Bhutto 2010

BHUTTO On Saturday 12th June I was invited to the UK Premier of BHUTTO, a feature length documentary film by director/ Produce Duane Baughman. The screening was attended by filmmakers and members of the Bhutto family including her son Bilawal Zardari Bhutto, the chairman of the Pakistan People’s Party. BHUTTO is the first definitive documentary chronicling the life of one of the most complex and fascinating characters of our time, Benazir Bhutto. Benazir Bhutto was born into a wealthy landowning family, often referred to as the “Kennedy’s of Pakistan”, that rose up to become Pakistan’s dominant political dynasty. Her epic life story is a tale of Shakespearean dimensions involving a woman battling for democracy, and equality with the most dangerous place in the world as a backdrop, Pakistan. Her father, the first democratically elected president of Pakistan, chose Benazir over his eldest son to carry his political mantle. Accused of rampant corruption, imprisoned, then exiled abroad, Bhutto was called back in 2007 as her country’s only hope for democracy.

When she was struck down by an assassin, her untimely death sent shock waves throughout the world, transforming Bhutto from political messiah to a martyr in the eyes of the common people. Benazir Bhutto was born into a wealthy landowning family, often referred to as the “Kennedy’s of Pakistan”, that rose up to become Pakistan’s dominant political dynasty. With exclusive interviews from the Bhutto family and never-before-seen footage, the filmmakers have crafted a sweeping epic of a transcendent, yet polarizing, figure whose legacy will be debated for years to come. After a breathtaking opening flashback, Bhutto serves up an eye-opening dose of Pakistan’s tumultuous 62-year existence, its frequent violent clashes with India, and Benazir’s own family history that runs deep in the DNA of Pakistan’s feudal past.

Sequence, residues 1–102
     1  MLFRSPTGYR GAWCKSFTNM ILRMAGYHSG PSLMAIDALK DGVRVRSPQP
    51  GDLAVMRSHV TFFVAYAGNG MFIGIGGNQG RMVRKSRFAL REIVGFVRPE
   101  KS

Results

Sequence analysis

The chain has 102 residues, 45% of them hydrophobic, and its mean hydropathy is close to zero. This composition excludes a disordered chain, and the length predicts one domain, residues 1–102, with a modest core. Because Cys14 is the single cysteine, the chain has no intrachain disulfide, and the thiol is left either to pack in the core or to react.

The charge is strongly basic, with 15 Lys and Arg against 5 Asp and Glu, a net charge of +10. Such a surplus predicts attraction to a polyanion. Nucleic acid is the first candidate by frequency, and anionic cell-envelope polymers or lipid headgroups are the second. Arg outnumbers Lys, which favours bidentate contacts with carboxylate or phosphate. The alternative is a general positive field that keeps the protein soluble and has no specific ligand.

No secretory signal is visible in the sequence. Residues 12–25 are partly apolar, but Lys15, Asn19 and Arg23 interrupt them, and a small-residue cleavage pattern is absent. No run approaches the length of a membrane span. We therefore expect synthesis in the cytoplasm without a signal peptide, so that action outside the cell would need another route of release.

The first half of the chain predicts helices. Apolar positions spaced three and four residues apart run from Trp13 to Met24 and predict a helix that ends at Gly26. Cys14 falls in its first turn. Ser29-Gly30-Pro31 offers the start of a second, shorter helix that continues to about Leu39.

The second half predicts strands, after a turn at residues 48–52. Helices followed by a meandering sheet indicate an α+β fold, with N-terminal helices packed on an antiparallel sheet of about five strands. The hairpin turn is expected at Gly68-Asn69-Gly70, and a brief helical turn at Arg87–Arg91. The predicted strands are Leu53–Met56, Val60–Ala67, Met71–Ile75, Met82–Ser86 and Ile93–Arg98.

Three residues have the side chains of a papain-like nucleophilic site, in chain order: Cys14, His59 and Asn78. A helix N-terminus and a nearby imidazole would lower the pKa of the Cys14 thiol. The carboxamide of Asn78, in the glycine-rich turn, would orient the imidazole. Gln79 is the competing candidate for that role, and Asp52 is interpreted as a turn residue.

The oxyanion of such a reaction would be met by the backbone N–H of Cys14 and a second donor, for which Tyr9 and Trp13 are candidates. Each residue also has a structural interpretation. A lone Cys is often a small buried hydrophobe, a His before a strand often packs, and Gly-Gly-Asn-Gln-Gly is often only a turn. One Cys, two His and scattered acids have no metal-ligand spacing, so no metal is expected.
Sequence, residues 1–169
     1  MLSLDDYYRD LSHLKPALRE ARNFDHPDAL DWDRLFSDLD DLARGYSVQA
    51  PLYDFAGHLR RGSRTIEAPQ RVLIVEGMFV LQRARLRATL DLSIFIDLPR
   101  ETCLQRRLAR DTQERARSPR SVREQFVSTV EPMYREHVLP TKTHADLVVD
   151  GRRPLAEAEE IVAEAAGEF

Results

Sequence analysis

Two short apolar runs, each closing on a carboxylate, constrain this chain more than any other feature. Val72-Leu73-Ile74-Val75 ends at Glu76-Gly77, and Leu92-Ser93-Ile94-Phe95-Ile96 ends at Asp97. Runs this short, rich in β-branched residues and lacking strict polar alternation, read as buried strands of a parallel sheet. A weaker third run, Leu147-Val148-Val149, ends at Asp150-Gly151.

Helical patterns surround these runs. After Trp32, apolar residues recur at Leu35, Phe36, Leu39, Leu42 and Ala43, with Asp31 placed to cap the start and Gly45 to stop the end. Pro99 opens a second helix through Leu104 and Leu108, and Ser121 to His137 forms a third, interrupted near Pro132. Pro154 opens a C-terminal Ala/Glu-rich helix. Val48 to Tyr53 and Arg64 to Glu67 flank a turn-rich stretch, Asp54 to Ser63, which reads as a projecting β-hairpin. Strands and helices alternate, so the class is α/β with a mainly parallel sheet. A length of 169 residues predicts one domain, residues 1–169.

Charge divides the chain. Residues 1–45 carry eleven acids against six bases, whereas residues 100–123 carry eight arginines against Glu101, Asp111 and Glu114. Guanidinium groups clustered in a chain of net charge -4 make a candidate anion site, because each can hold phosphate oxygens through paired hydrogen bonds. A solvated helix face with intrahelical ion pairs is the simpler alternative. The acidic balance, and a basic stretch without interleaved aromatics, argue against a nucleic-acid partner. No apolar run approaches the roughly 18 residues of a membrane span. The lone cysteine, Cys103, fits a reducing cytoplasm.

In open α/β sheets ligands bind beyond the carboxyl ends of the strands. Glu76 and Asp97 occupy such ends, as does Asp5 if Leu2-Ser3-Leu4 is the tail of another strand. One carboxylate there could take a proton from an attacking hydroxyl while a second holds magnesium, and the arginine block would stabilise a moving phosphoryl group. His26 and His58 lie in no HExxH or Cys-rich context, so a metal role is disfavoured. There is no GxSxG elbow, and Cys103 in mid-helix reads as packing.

The film is a master piece in its use of archive footage and her recorded interviews provides the narrative of the film. The most powerful moments in the film are the interviews with her children Bilawal Zardari Bhutto, Bakhtawar Zardari and Asifa Zardari. The sound track of the film is a remix of Bakhtawar Zardari rap which she wrote as homage to her Mother. The film is a master piece in its use of archive footage and her recorded interviews provides the narrative of the film. I was deeply moved by the film, despite its point of view which pays homage to the life if this extraordinary woman, totally devoted to her country and its people. The film features exclusive, heart-wrenching interviews with her immediate family, including widower President Asif Ali Zardari, son Bilawal Bhutto Zardari, daughters Bakhtawar Bhutto Zardari and Aseefa Bhutto Zardari, and sister Sanam Bhutto, just three months after her assassination. Other interviewees include: authors Tariq Ali (“The Clash of Fundamentalism”) and Christina Lamb (“Waiting For Allah”), Victoria Schofield (“Bhutto”) as well as former U.S. Secretary of State Condoleezza Rice, former President Pervez Musharraf, Benazir’s co-author and friend Mark Siegel, diplomat Peter Galbraith, Arianna Huffington, and Reza Aslan. The sound track of the film is a remix of Bakhtawar Zardari rap which she wrote as homage to her Mother.

The film has been released in Pakistan and playing to packed houses across the nation. This is the first time that people have paid to see a documentary film in the country’s theatres. Bhutto, which was produced by Yellow Pad Productions in association with Icon TMI presents a Duane Baughman Film, directed by Duane Baughman and Johnny O’Hara. Produced by Duane Baughman, Arleen Sorkin, Mark Siegel and Amy Berg. Executive Produced by Glenn Aveni. Co-Produced by Pamela Green, Jarik Van Sluijs, and Darius Fisher. Written by Johnny O’Hara. Music by Mader, Hank Graham Jr. and “Dila Teer Bija” performed by Stewart Copeland and Bakhtawar Bhutto Zardari. BHUTTO will be released by Mara Pictures across the UK and I would urge you all to go and see this film. The film is clearly made with a western audience in mind and a fantastic introduction into the complex political landscape that is Pakistan. The next generation of Pakistanis, living in the west should see this film to understand and debate the future of this extraordinary country.

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